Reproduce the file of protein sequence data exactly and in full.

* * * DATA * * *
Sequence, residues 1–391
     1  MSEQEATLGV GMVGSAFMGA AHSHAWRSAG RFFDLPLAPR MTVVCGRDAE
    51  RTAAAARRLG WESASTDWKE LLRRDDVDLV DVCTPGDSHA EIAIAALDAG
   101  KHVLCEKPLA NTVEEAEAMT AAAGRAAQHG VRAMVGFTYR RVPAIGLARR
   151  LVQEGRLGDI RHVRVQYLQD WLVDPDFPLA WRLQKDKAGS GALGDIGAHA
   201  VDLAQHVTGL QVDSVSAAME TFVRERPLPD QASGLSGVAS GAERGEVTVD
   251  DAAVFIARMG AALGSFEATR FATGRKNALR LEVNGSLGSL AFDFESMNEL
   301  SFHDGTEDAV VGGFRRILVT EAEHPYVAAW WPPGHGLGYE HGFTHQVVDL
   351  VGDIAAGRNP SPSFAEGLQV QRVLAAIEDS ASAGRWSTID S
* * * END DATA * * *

Sequence, residues 1–391
     1  MSEQEATLGV GMVGSAFMGA AHSHAWRSAG RFFDLPLAPR MTVVCGRDAE
    51  RTAAAARRLG WESASTDWKE LLRRDDVDLV DVCTPGDSHA EIAIAALDAG
   101  KHVLCEKPLA NTVEEAEAMT AAAGRAAQHG VRAMVGFTYR RVPAIGLARR
   151  LVQEGRLGDI RHVRVQYLQD WLVDPDFPLA WRLQKDKAGS GALGDIGAHA
   201  VDLAQHVTGL QVDSVSAAME TFVRERPLPD QASGLSGVAS GAERGEVTVD
   251  DAAVFIARMG AALGSFEATR FATGRKNALR LEVNGSLGSL AFDFESMNEL
   301  SFHDGTEDAV VGGFRRILVT EAEHPYVAAW WPPGHGLGYE HGFTHQVVDL
   351  VGDIAAGRNP SPSFAEGLQV QRVLAAIEDS ASAGRWSTID S